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Depositions in the Apple vs. Samsung case from several months ago provide some color on the depths of Samsung's alleged infringement on Apple's designs, including a series of so-called 'utility patents' that serve up some of iOS's cachet.
They include a '163 patent relating to tapping to zoom, a '915 patent on the methods used to determine whether a user is scrolling with one or attempting to zoom into an area on the screen, and the '381 patent covering the rubber banding effect.
At some point, as Apple's Senior VP ofÂ iOSÂ software Scott Forstall recalls, Jobs approached Samsung about the rubber banding effect his team was building into iOS and specifically requested that Korean electronics maker not tread on his turf.
"I don't remember specifics," Forstall testified. "I think it was just one of the things that Steve said, here's something we invented. Don't - don't copy it. Don't steal it."
Samsung, allegedly, paid no mind. And in July of 2010, when Jobs met with Samsung to discuss the mounting similarities in their mobile device designs, the rubber banding patent was a key point of contention, Forstall recalls:
Rubber banding is one of the sort of key things for the fluidity of the iPhone and - and all ofÂ iOS, and so I know it was one of the ones that Steve really cared about.
I actually think that Android had not done rubber banding at some point and it was actually added later. So they actually went form sort of, you know, not yet copying and infringing to - to choosing to copy, which is sad and distasteful.
But I can't give you a specific recollection of - of Steve, you know, going over rubber banding with - with them in those meetings or not...
I expect it came up, because it's one of the key things we talked - you know, he and I talked about, but I don't know if it came up there.
According to court documents, Apple in November of that same year would approach Samsung with an offer to license the '381 patent. Again, Samsung didn't bite.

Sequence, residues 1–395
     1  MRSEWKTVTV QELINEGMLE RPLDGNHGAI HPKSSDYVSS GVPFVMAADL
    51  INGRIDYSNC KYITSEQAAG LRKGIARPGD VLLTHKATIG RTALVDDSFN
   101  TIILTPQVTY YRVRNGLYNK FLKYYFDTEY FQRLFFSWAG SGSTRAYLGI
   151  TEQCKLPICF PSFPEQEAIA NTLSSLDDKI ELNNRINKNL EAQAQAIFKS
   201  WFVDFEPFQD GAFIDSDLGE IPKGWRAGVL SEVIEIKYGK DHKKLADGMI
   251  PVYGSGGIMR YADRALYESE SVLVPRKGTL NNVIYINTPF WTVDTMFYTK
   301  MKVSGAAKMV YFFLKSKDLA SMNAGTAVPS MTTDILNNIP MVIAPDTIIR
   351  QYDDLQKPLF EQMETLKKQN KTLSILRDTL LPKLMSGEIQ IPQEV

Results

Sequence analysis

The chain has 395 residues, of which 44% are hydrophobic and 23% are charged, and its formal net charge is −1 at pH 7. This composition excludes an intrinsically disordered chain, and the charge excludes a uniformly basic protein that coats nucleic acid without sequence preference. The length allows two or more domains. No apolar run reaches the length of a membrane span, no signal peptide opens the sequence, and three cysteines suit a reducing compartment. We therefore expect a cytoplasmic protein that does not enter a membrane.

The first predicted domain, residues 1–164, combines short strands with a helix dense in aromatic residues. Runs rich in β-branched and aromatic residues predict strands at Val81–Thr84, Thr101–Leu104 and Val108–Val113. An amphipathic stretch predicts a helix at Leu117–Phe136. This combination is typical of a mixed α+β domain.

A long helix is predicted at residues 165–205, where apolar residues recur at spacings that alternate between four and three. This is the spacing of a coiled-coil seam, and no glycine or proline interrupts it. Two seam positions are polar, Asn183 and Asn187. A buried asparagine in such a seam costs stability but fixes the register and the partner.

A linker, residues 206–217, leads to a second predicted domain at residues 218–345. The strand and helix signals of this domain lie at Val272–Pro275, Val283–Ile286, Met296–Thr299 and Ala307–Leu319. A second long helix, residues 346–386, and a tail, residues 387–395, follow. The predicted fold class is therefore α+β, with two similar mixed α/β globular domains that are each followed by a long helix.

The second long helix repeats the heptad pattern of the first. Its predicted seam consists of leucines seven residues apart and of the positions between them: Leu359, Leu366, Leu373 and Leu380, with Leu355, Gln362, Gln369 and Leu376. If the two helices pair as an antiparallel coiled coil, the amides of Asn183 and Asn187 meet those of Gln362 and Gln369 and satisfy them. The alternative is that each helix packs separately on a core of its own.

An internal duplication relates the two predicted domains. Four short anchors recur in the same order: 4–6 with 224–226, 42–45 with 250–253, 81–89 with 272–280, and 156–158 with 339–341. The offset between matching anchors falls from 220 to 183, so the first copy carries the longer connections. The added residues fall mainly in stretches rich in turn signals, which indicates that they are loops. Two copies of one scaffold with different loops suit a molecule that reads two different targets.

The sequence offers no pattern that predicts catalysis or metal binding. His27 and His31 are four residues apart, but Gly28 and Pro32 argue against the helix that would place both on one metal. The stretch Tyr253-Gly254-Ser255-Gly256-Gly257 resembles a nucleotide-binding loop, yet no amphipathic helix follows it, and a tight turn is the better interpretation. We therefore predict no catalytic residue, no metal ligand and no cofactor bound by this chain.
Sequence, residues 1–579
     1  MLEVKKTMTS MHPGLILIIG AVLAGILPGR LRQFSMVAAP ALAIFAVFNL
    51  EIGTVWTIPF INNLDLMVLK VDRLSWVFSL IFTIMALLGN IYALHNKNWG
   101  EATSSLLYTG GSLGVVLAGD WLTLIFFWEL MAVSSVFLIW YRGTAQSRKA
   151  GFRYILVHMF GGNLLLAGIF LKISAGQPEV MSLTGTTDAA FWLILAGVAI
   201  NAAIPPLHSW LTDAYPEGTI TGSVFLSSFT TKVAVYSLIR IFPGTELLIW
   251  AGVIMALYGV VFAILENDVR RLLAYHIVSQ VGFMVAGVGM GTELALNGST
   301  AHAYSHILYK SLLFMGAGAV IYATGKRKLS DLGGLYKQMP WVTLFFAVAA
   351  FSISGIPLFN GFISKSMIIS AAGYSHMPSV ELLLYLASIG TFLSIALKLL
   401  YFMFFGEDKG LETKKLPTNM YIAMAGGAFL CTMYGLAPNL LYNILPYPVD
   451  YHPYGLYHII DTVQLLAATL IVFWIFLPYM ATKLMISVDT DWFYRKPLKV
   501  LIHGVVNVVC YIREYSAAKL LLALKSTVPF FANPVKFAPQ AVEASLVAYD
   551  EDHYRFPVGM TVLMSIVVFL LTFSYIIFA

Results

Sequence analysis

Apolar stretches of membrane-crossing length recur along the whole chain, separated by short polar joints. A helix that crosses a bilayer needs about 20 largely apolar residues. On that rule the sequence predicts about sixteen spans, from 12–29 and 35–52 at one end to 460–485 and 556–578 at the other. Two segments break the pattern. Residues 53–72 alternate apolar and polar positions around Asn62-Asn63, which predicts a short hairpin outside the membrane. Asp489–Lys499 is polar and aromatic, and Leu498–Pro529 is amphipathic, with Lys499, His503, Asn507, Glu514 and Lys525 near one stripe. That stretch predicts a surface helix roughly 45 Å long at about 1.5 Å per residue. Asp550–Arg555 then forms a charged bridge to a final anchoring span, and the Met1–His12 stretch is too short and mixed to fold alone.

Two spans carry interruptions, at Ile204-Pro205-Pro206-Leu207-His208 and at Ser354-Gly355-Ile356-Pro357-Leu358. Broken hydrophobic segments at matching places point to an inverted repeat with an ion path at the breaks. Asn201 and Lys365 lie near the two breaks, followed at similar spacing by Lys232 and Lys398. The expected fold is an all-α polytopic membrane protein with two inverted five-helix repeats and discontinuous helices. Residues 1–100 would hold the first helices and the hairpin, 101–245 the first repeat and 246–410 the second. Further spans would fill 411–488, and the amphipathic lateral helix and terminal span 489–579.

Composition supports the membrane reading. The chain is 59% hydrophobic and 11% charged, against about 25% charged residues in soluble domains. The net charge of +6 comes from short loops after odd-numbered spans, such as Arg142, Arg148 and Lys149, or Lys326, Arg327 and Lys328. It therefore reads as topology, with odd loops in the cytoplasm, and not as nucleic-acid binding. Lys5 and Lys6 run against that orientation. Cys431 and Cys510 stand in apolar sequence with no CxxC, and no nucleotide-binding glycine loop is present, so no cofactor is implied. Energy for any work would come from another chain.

The documents also detail multiple efforts on Apple's part to avoid litigation with Samsung. For instance, the iPhone maker compiled a presentation titled 'Samsung's Use of Apple Patents inÂ Smartphones' that it presented during a meeting with the company in Korea. It followed up a few weeks later with "an electronic archive file containingÂ claim charts further illustratingÂ Samsung's infringement of Apple patents" — material that was again used by Apple a few months later during a subsequent meeting in Cupertino.
As Forstall would recall, Jobs and Co. were quite livid over Samsung's imitation by the time that later meeting rolled around:
Well, so I - I think, in general, what Steve did in these meetings was just talk through. There's a set of things we've done, which you're copying, and those - those things, you know are - and I think a lot of different things were discussed.
Now, I can't give you specific recollections of - of what - you know, I can't precisely say this is - was what was discussed at this meeting and guarantee it. I know like the design of icons with the rounded recs was something that we cared about because it - it - it looked uniquely ours, and we didn't want other people to go and copy that design, because it would confuse users as to what's, you know, an iPhone versus what's one of these copy phones.
So - but I don't remember specifically even if in one of these things if - if the icon appearance was discussed.. icon design was discussed.
I do know that there were specific icons that were discussed where they absolutely ripped us off, and these were - some of those were extreme. One was in merging calls.